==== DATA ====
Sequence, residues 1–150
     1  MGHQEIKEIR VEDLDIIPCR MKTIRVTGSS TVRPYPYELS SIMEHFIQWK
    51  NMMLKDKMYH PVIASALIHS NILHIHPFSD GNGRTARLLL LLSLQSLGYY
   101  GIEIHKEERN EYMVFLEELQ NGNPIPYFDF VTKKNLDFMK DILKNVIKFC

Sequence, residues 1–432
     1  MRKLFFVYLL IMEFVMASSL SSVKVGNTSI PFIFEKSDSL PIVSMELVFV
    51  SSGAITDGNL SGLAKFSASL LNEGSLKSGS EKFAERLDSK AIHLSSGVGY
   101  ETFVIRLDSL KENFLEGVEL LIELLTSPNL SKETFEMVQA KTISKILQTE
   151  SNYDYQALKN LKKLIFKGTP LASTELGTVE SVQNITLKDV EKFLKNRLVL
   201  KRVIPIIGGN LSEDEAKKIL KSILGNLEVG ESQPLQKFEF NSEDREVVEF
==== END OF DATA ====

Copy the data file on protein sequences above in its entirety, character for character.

Sequence, residues 1–150
     1  MGHQEIKEIR VEDLDIIPCR MKTIRVTGSS TVRPYPYELS SIMEHFIQWK
    51  NMMLKDKMYH PVIASALIHS NILHIHPFSD GNGRTARLLL LLSLQSLGYY
   101  GIEIHKEERN EYMVFLEELQ NGNPIPYFDF VTKKNLDFMK DILKNVIKFC

Sequence, residues 1–432
     1  MRKLFFVYLL IMEFVMASSL SSVKVGNTSI PFIFEKSDSL PIVSMELVFV
    51  SSGAITDGNL SGLAKFSASL LNEGSLKSGS EKFAERLDSK AIHLSSGVGY
   101  ETFVIRLDSL KENFLEGVEL LIELLTSPNL SKETFEMVQA KTISKILQTE
   151  SNYDYQALKN LKKLIFKGTP LASTELGTVE SVQNITLKDV EKFLKNRLVL
   201  KRVIPIIGGN LSEDEAKKIL KSILGNLEVG ESQPLQKFEF NSEDREVVEF